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Top 25 | The Master List | Lower Divisions
Five Minute Guide to '99

18 Georgia

These Dawgs'll hunt if they can surround their young quarterback with some talent

Sports Illustrated
  Quincy Carter
Sophomore quarterback Carter did a passable impression of Heisman-winner Charlie Ward last year.   Al Tielemans
Jim Donnan, the head coach at Georgia, had just gotten home after a long day in the office when he received the message that his quarterback, Quincy Carter, had phoned. It was late, but Donnan immediately returned the call. Coach and player talked for 10 minutes, a short chat on May 24 that could be the turning point for Georgia's '99 season. Carter, the SEC's reigning freshman of the year, was debating whether to play baseball for a fourth straight summer in the Chicago Cubs' minor league system. "I told Quincy his heart should be in everything he does," recalls Donnan. "I also told him that a summer of concentrating on football would help him tremendously."

The day after that heart-to-heart, Carter told the Cubs he was staying in Athens for the summer, and what a summer it has been. Carter dropped 17 pounds and is running the 40-yard dash in 4.53 seconds, .12 of a second faster than in '98. "I'm in the best shape of my life," says the 21-year-old. "I felt overweight and slow last season. That was because playing baseball didn't allow me time to work out as much. But now that I'm only focusing on football, the sky is the limit on what I can do."

What Carter could do this season is contend for the Heisman Trophy. Carter's biggest assets are his scrambling ability, vital in a conference full of aggressive defensive ends who can run like safeties, and his accuracy on long throws. He'll need to display both skills -- and every other talent he possesses -- in big games at Tennessee on Oct. 9 and against Florida at Jacksonville three weeks later if the Dawgs are to end their 16-year SEC title drought. "We're on the verge of taking our program to the next level," says Donnan, now in his fourth season at Georgia. "But we'll have to play better in the pressure games."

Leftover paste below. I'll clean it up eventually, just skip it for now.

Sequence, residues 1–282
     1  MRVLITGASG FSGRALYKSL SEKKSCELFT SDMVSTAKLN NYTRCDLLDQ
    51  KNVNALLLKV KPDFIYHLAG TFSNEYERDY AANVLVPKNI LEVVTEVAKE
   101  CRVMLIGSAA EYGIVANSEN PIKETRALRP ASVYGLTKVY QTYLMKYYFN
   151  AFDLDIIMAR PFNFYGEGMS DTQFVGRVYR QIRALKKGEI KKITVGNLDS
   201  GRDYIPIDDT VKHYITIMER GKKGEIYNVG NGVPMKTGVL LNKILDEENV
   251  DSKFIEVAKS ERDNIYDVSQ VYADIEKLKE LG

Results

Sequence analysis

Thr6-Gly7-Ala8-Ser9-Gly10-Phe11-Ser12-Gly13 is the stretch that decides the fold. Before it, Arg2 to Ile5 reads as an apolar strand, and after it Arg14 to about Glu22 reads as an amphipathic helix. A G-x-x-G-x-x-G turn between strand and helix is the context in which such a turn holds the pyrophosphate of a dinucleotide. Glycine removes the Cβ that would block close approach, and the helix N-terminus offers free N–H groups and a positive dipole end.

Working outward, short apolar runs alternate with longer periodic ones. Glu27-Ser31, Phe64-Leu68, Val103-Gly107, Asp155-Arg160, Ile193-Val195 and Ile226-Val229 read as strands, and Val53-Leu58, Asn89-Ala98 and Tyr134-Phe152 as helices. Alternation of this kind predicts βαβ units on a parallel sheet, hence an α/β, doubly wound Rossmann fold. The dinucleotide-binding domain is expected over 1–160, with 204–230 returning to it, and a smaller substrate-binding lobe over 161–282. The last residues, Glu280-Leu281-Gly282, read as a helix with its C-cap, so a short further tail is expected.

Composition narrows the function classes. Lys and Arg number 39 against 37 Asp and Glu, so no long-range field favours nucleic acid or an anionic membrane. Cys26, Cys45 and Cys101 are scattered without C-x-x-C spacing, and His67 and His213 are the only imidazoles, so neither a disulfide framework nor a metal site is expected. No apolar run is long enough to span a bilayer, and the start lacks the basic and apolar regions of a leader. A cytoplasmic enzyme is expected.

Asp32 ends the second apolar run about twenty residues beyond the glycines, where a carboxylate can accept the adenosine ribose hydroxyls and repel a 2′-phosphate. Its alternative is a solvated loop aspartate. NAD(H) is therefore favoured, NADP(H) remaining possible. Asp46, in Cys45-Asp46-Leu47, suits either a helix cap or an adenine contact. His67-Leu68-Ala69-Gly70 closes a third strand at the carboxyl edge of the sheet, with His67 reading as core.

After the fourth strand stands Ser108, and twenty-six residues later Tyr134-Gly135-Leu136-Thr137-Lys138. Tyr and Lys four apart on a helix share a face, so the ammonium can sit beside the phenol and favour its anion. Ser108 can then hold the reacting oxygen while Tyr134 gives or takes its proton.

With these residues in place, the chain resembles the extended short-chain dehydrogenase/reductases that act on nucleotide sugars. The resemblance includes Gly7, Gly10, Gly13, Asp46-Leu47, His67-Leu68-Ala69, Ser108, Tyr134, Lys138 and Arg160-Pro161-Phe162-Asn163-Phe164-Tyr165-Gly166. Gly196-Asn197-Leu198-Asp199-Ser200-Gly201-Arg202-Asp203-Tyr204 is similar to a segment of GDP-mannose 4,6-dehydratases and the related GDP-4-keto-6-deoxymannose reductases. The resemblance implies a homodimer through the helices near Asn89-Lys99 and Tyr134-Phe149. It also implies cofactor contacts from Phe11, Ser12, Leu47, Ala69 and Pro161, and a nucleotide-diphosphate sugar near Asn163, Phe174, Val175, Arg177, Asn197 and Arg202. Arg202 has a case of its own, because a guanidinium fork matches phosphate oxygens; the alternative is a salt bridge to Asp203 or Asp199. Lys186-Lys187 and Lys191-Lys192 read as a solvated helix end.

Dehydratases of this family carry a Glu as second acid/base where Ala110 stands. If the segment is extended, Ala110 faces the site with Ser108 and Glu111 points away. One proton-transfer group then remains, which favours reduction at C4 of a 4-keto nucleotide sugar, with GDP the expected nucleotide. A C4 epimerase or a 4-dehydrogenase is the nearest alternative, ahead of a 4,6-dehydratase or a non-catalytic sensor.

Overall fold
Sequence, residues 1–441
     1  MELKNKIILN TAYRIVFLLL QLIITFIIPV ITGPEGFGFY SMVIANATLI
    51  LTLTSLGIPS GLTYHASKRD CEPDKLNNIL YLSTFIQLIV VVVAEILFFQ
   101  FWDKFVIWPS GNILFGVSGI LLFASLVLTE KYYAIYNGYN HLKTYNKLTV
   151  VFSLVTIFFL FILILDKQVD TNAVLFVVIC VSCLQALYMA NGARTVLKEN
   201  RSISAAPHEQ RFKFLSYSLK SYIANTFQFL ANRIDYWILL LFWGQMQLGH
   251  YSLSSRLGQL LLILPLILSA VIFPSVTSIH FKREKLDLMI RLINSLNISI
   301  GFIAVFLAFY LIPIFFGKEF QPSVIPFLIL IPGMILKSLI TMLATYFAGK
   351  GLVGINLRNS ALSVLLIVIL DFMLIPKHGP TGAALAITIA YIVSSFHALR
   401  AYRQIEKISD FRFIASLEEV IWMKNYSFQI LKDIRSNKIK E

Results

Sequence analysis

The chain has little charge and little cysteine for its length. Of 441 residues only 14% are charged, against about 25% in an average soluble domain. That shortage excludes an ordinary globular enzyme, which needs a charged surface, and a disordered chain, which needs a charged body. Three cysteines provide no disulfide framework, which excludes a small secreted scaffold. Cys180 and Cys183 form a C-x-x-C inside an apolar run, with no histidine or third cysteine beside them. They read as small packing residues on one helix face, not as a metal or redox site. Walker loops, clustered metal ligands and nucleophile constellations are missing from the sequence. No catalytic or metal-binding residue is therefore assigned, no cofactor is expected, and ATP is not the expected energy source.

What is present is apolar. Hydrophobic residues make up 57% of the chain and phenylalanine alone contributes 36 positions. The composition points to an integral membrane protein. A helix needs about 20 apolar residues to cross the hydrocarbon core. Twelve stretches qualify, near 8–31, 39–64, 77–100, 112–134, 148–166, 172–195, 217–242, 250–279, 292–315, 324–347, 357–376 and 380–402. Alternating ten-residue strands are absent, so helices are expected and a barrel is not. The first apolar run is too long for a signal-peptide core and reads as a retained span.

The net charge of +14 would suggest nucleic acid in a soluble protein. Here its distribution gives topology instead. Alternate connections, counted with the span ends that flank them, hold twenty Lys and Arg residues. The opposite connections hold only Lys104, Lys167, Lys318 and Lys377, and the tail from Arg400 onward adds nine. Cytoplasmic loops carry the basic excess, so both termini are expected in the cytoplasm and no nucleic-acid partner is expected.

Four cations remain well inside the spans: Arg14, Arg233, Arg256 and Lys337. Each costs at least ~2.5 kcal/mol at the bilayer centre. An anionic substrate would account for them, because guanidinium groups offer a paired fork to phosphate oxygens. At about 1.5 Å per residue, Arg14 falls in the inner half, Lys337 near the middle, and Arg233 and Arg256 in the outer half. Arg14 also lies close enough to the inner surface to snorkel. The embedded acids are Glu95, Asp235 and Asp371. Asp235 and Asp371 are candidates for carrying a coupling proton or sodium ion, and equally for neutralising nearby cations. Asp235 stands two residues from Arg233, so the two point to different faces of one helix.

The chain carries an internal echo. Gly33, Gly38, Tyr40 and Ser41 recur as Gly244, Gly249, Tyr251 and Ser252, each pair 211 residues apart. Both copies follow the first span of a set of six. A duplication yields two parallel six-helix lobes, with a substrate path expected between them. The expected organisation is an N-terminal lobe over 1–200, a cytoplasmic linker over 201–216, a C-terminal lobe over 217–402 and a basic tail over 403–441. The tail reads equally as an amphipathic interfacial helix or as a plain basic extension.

The Bulldogs also will have to find replacements on offense for both of their tackles, their top four receivers and their No. 1 running back. The hope in Athens is that junior flanker Michael Greer and sophomore tailback Jasper Sanks, a highly touted recruit who was a flop as a freshman, can take some of the heat off Carter. "I've been practicing with our wideouts and runners every day this summer, and I know there won't be much of a drop from last season," says Carter. "We don't have much experience, but we have it in the right places."

The defense has six starters -- including all three linebackers -- from last year's team. The unit is anchored by Butkus Award candidate Orantes Grant, who led the team with 120 tackles. "Last year we ran fewer plays than any team in the league," says Donnan. "We need to turn that around by creating turnovers. If we can accomplish that and if we can get a strong supporting cast for Quincy, we should be O.K." O.K., yes. Conference champs, no.

-- Lars Anderson

Fast Facts

1998 record: 9-3 (6-2, 3rd in SEC East)
Final ranking: No. 14 AP, No. 14 coaches' poll

1998 Averages Offense Defense
Scoring 23.4 17.2
Rushing Yards 152.2 137.1
Passing Yards 249.5 215.7
Total Yards 401.7 352.8

Key Games
Schedule strength: 43rd of 114

Oct. 9 at Tennessee
The Bulldogs have lost eight straight games to the Volunteers and were blown out 38-13 on their last trip to Knoxville, in 1997. Revenge will have to wait a year.

Oct. 30 vs. Florida
This is the Gators' annual Cocktail Party game in Jacksonville, and the Dawgs should be pickled by halftime.

Bottom Line

A weak nonconference schedule will prove to be fool's gold. Georgia could match last year's 9-3 record; improving upon it is unlikely.

Top 25 | The Master List | Lower Divisions
Five Minute Guide to '99

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